Downstairs the cats were surprised by me, they blinked in the light, stretching and rubbing up against me hoping it was time for an early breakfast. I busied myself trying to light the log burner, the only source of heat in the kitchen.
After several attempts at the fire I had to admit defeat. I just didn't have enough kindling. I listened and noted that the storms of yesterday had passed by so, donning my new, [well, hand-me-down, Jules Wellibobs donated by a lovely friend,] I firmly tied my dressing gown hitched up my thermals and went out gently into that good, dark night.
There was a stillness to the land, a pre-dawn calm. Even rooster, locked in his box, was quiet, most likely asleep. The stars littered the sky and the distant glow of the city, maybe 50 miles away, burnished the horizon.
It's not far to the log shed, out the front door and up the drive towards the stables. Pink was the first to hear me as she lay in the field over the hedge. I noted her soft needy tone. Alerted to my presence Snowy and Moon, bleated hellos too. I could picture them bedded down in the grass;. big sheep now, not the tiny lambs I raised by bottle.
'Morning girls' I whispered and they bleated again but I could tell they were still in their same positions, they knew it wasn't yet time to get up.
In the wood shed I shone my torch and selected a good box of kindling, prepared by hubby in early Autumn.
And now I'm by the crackling fire, talking to you. Tabby, the bigger cat has a cold and has crawled up to my lap for extra warmth. He sneezes occasionally and nips me on the hand as I type, just to remind me that he's here.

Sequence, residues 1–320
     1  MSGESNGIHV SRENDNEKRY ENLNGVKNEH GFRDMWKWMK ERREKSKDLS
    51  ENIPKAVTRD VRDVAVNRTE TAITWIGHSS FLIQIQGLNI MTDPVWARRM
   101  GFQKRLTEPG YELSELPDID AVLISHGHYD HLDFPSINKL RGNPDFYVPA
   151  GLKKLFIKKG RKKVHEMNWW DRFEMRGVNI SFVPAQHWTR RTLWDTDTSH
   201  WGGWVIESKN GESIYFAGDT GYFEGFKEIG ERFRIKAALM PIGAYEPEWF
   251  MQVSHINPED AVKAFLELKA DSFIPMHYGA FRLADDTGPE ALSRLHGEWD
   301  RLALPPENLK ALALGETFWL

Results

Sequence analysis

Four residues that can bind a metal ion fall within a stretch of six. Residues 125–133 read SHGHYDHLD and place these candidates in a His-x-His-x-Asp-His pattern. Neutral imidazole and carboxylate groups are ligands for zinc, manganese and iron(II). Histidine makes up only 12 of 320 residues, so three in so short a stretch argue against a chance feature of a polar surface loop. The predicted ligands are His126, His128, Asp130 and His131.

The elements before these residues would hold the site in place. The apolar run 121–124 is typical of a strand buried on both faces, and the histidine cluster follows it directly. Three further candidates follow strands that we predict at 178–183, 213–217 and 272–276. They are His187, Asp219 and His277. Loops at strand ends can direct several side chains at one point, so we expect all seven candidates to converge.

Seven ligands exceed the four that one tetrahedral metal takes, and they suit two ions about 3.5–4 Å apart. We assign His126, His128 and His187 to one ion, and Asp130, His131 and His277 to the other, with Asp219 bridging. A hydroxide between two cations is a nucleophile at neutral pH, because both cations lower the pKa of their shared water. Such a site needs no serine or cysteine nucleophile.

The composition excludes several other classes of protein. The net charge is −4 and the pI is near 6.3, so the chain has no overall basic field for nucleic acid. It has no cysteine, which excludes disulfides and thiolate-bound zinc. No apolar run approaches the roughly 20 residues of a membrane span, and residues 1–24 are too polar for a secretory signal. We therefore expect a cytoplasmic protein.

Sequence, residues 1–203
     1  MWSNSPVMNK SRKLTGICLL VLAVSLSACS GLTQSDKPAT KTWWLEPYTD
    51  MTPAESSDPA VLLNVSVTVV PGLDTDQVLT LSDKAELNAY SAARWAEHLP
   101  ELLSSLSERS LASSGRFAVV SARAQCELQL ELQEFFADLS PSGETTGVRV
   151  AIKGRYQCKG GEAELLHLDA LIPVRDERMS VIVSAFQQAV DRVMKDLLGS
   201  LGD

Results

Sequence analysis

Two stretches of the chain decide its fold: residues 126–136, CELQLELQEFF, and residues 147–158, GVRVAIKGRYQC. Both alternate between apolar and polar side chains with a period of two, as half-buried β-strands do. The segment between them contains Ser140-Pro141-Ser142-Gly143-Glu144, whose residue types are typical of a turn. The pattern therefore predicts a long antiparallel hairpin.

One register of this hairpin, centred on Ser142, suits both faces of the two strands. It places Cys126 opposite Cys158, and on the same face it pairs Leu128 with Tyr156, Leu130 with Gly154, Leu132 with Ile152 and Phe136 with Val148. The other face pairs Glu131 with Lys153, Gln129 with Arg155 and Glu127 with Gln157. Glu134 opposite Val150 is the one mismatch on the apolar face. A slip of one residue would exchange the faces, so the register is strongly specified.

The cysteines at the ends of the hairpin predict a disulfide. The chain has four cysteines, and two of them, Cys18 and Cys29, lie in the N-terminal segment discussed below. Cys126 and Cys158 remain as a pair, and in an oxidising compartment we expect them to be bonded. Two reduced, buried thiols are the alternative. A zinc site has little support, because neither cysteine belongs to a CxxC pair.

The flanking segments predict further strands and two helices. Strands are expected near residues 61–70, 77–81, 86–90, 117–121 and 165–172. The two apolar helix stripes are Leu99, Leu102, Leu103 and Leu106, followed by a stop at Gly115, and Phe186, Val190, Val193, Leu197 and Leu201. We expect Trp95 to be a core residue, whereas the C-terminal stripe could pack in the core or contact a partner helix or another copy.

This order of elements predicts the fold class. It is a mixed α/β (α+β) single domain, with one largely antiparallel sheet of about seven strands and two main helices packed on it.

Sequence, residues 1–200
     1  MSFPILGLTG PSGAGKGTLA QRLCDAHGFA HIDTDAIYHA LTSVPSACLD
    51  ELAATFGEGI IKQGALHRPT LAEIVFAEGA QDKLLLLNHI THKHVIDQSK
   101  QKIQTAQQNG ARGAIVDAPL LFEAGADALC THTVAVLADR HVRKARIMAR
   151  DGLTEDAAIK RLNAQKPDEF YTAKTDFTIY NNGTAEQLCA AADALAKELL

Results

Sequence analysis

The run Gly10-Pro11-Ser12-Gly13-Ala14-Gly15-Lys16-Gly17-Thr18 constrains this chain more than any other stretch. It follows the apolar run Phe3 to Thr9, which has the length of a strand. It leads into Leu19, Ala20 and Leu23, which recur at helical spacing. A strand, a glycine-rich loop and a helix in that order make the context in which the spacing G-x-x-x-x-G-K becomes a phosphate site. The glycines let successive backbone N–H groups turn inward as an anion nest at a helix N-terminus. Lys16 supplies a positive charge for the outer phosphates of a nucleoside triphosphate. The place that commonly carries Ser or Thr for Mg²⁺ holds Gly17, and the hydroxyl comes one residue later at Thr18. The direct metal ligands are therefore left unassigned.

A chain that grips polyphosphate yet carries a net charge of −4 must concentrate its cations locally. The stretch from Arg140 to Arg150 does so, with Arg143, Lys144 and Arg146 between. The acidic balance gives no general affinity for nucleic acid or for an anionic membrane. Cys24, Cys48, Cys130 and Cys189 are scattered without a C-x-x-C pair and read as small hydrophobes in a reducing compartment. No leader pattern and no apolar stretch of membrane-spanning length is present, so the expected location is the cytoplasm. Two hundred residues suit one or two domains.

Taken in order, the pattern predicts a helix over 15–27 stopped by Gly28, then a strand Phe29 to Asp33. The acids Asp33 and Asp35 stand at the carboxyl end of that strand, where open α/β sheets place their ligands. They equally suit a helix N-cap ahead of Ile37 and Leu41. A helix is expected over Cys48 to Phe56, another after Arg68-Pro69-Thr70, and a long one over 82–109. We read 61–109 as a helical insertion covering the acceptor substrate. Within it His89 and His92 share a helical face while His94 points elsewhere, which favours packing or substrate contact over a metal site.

Last night the 10yo finished reading my children's book Nancy, Peggy and Susan. First Freedom. [Available at Amazon for Kindle Lulu for ebook download and Barnes and Nobel for Nook.] She'd asked me to read her the last chapter which was a privilege. There's a little twist in the ending and I'd wondered if it was obvious. It wasn't. As I began to build up to the secret she stopped me and excitedly described what she thought was going to happen. As I revealed the plot she squealed and demanded I hand over my Kindle, determined to read for herself. She was convinced I was making up words rather than reading them. She had been wrong and the twist had caught her out. It was exactly the reaction I was hoping for when I wrote the story some four years ago. Priceless. A moment I'll treasure.
Well I'm off to make tea and begin the process of re-reading my long abandoned novel.... a fictional version of The Archers at The Larches with the temporary title of The Perrys at The Berries. I think I put it aside in order to learn more about the land, animals and me as a writer, but now I suddenly feel compelled to finish.
Have a good day, I think I shall.